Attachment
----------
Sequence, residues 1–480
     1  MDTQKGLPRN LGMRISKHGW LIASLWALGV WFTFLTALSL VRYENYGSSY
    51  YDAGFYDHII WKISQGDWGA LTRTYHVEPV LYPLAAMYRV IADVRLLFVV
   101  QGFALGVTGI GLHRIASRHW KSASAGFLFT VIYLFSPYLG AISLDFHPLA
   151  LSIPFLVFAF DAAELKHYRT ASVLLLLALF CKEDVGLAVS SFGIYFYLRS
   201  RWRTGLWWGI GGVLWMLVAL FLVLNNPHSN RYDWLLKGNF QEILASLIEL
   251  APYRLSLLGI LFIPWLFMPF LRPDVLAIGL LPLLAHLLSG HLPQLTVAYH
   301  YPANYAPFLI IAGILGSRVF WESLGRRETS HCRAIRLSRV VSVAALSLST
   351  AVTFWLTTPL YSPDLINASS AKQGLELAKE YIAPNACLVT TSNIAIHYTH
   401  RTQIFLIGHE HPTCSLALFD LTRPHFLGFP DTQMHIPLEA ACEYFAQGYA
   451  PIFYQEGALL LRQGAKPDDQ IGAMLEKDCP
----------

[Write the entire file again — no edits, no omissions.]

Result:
Sequence, residues 1–480
     1  MDTQKGLPRN LGMRISKHGW LIASLWALGV WFTFLTALSL VRYENYGSSY
    51  YDAGFYDHII WKISQGDWGA LTRTYHVEPV LYPLAAMYRV IADVRLLFVV
   101  QGFALGVTGI GLHRIASRHW KSASAGFLFT VIYLFSPYLG AISLDFHPLA
   151  LSIPFLVFAF DAAELKHYRT ASVLLLLALF CKEDVGLAVS SFGIYFYLRS
   201  RWRTGLWWGI GGVLWMLVAL FLVLNNPHSN RYDWLLKGNF QEILASLIEL
   251  APYRLSLLGI LFIPWLFMPF LRPDVLAIGL LPLLAHLLSG HLPQLTVAYH
   301  YPANYAPFLI IAGILGSRVF WESLGRRETS HCRAIRLSRV VSVAALSLST
   351  AVTFWLTTPL YSPDLINASS AKQGLELAKE YIAPNACLVT TSNIAIHYTH
   401  RTQIFLIGHE HPTCSLALFD LTRPHFLGFP DTQMHIPLEA ACEYFAQGYA
   451  PIFYQEGALL LRQGAKPDDQ IGAMLEKDCP